Centro Town Hall
Bridging the Divides: Breaking Down the Mellon Grant
February 2, 2022
3:00pm - 4pm EST
4:00pm - 5pm (Puerto Rico AST)
Gather around with us for a Centro Town Hall event on Wednesday, February 2nd, 2022 at 3 PM EST. Centro’s Mellon grant coordinator, Cristel Jusino Díaz, and the Co-conveners of Centro’s new Decolonization Study Group for a brief discussion of Centro’s new program “Bridging the Divides” funded by a $1.2 million grant from the Andrew W. Mellon Foundation. Through the Mellon grant, Centro plans to form study groups that bring together academics, journalists, artists, and activists in an effort to develop and support benchmark publications, media productions, and artistic endeavors. Come find out more about the study groups and how you can be a part of bridging the divides!
For the complete call for applications visit HERE"
Dr. Yarimar Bonilla is the Director of the Center for Puerto Rican Studies at Hunter College. She is also a Professor in the Department of Africana, Puerto Rican, and Latino Studies at Hunter College and in the Ph.D. Program in Anthropology at the Graduate Center of the City University of New York. She is the author of Non-Sovereign Futures: French Caribbean Politics in the Wake of Disenchantment (2015) co-editor of Aftershocks of Disaster: Puerto Rico Before and After the Storm. (2019) and a founder of the Puerto Rico Syllabus Project. In addition, Yarimar is a prominent public intellectual and a leading voice in Caribbean and Latin-X politics. She writes a monthly column in the Puerto Rican newspaper El Nuevo Día titled “En Vaivén,” is a regular contributor to publications such as The Washington Post, The Nation, Jacobin, and The New Yorker, and a frequent guest on National Public Radio and news programs such as Democracy Now! Her current research—for which she was named a 2018-2020 Carnegie Fellow —examines the politics of recovery in Puerto Rico after Hurricane Maria and the forms of political and social trauma that the storm revealed.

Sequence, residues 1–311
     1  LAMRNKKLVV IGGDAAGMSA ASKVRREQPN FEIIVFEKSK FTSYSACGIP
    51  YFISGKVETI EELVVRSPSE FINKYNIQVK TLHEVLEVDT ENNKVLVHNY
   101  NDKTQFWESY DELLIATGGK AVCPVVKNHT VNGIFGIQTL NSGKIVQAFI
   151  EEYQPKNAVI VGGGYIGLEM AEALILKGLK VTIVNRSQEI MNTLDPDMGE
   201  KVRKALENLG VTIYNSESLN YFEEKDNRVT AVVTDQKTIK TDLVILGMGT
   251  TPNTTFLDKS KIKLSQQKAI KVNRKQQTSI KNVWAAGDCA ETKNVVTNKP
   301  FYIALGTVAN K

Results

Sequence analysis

Dr. Efrén Rivera Ramos is a full professor at the School of Law of the University of Puerto Rico, where he currently teaches courses and seminars on Constitutional Law, Legal Theory, and Law and Culture. He was Dean of the UPR Law School from 2001 to 2007. Dr. Rivera obtained a B.A. in Political Science and a Juris Doctor from the University of Puerto Rico, an LL.M. from Harvard University and a Ph.D. from University College London. He has been a visiting professor at Yale University, the University of Ottawa (Canada), the Autonomous University of Barcelona and Pompeu Fabra University, also in Barcelona. He is the author of The Legal Construction of Identity: The Judicial and Social Legacy of American Colonialism in Puerto Rico (APA Books, Washington DC, 2001) and of numerous chapters in collective works and articles in professional and academic journals on colonialism, the Insular Cases, self-determination, the political status of Puerto Rico, citizenship, cultural rights, the rights of refugees, democracy and rights, law and violence, equality, access to justice, the rule of law, freedom of information, and legal education, among other topics.
Cristel M. Jusino Díaz is the Mellon Study Group and Digital Humanities Coordinator at Centro. A scholar of Puerto Rican and Latin American literature, Cristel joins Centro from New York University, where she served as Assistant Director with the Graduate School of Arts and Science, with a focus on expanding access to graduate education in the humanities to under-represented students. She is passionate about digital humanities and previously held the position of Managing Editor of the journal emisférica at the Hemispheric Institute of Performance and Politics, linking artistic and scholarly inquiries to politics and social justice. Cristel holds doctoral and masters degrees in Latin American Literature from New York University, where her Ph.D research focused on Latin American writers’ and artists’ work during the HIV-AIDS epidemic, with a particular focus on queer temporalities and archival practices, and subsequently taught on these subjects as Visiting Assistant Profressor in NYU's Latinx Studies program. She is a proud alumna of the Universidad de Puerto Rico-Río Piedras where she earned a BA in Latin American Studies. As a researcher and educator in a broader Latinx Studies field, she strives to expand the understanding of Puerto Rican arts and culture through a wide variety of literary, artistic, and archival materials.